Jujube berries are the fruits of Zizyphus sativa, Gaertn., or Z. Lotus, Lam. (N.O. Rhamneae), shrubs or small trees which are cultivated in Spain, Italy, the South of France, and Tunis. The fruits are roundish-ovate or oblong drupes about the size of large olives, and have a thin, coriaceous, bright red skin, which becomes reddish-brown and wrinkled when dried. It encloses a sweet acidulous pulp, in which is embedded an ovate or oblong pointed stone.
Constituents.—Sugar and mucilage are the chief constituents of the berries, but traces of ziziphic acid are also present, and tannin has been found in the bark of the tree.
Action and Uses.—Jujube berries are demulcent and nutritive, and have been administered in the form of decoction for throat and bronchial irritation. Jujube paste (Massa de Jujubis or Pâte de jujube) is prepared by infusing 5 of the fruit in 35 of distilled water, straining without pressure, dissolving 30 of washed gum acacia and 20 of refined sugar in the infusion by heating slowly on a water-bath for twelve hours, removing the scum, cautiously adding 2 of undiluted orange-flower water, running the mixture into oiled flat moulds, and drying in a stove at 40'.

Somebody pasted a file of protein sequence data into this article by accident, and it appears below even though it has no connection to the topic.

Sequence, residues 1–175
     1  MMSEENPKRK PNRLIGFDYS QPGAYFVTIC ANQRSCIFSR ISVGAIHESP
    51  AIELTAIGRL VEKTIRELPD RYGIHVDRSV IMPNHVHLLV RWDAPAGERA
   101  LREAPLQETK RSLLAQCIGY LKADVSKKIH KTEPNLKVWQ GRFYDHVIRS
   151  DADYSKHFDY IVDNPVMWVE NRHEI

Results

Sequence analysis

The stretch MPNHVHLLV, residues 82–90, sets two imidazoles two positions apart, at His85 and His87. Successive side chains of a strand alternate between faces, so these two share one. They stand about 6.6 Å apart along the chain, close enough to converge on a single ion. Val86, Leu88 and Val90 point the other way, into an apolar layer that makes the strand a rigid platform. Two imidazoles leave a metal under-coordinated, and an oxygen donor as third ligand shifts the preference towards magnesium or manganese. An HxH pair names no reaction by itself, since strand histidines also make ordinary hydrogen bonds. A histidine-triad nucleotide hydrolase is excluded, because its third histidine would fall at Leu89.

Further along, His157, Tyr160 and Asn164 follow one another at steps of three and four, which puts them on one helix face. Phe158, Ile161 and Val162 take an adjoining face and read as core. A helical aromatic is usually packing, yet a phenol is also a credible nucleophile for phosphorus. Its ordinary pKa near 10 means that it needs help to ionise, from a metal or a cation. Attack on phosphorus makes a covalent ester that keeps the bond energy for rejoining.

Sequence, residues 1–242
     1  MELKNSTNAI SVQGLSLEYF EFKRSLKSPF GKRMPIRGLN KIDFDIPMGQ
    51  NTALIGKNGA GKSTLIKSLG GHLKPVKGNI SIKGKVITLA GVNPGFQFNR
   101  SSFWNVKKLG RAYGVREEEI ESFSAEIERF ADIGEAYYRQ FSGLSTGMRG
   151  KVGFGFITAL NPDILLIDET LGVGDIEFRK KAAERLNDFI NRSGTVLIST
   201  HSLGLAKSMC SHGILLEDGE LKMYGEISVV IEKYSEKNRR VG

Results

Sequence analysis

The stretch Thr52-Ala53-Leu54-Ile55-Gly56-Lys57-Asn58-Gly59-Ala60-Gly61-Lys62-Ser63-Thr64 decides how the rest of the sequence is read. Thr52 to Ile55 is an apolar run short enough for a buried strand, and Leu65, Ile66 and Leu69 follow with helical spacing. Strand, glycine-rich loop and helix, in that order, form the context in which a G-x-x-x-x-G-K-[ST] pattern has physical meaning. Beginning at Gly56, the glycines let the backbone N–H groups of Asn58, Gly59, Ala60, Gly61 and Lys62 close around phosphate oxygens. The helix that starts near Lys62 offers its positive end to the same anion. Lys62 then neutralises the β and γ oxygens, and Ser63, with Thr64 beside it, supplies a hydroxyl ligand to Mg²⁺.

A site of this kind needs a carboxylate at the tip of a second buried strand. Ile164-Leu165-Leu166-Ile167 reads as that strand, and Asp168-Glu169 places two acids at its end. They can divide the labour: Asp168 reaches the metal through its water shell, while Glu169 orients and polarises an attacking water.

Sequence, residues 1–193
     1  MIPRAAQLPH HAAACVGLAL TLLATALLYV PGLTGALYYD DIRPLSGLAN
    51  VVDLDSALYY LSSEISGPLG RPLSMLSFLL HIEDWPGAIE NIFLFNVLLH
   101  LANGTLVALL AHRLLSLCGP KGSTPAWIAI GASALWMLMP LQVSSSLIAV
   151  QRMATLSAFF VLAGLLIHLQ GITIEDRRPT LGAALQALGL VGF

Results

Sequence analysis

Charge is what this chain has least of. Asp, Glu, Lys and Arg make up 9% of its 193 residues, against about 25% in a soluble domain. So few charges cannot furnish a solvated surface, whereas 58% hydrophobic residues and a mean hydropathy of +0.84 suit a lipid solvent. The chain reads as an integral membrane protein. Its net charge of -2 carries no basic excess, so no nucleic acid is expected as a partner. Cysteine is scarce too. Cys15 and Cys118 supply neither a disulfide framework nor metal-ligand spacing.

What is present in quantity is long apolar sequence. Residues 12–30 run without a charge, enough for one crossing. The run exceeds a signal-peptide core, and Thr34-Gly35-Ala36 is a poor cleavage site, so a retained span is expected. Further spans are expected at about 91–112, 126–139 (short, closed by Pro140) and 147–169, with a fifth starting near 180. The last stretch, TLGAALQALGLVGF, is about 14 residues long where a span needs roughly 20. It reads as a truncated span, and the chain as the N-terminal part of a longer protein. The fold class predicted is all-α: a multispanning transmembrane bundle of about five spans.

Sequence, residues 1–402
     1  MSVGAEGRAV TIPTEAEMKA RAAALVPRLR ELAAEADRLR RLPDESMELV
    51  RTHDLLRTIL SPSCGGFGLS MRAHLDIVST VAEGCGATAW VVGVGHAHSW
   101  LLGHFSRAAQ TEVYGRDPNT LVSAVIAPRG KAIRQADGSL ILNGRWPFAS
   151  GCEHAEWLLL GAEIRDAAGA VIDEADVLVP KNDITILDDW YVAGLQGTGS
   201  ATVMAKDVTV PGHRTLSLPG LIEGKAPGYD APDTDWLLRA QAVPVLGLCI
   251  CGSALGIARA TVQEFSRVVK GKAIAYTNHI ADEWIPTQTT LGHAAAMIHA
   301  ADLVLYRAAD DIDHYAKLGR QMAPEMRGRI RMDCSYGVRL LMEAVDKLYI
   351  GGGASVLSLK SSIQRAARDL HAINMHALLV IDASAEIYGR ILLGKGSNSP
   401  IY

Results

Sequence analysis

The British Pharmaceutical Codex, 1911, was published by direction of the Council of the Pharmaceutical Society of Great Britain.